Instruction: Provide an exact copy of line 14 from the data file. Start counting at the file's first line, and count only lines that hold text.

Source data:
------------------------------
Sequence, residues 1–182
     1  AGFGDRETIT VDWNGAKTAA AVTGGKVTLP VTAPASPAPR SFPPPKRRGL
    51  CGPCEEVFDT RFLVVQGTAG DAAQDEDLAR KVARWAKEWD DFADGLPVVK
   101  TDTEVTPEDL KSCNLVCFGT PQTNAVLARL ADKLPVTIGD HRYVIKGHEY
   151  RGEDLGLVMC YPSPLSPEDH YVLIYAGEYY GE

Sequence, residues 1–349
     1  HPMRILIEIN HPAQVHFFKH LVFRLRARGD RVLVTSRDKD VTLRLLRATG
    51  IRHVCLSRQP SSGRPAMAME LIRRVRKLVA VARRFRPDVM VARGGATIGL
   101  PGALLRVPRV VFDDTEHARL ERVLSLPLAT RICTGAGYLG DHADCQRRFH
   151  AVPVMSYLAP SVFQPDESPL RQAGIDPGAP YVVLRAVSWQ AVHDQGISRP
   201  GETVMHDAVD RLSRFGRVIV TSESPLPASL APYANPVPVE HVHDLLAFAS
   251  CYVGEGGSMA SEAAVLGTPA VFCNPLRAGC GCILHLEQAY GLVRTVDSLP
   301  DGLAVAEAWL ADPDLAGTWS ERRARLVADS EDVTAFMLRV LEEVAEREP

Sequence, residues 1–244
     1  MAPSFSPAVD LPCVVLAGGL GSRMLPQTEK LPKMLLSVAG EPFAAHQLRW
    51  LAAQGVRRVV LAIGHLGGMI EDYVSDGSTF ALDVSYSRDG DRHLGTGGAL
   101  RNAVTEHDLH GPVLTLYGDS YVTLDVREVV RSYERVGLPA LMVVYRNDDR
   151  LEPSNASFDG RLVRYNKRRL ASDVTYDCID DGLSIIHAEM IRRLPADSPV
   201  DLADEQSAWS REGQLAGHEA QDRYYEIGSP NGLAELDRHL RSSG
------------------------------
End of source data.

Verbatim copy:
Sequence, residues 1–244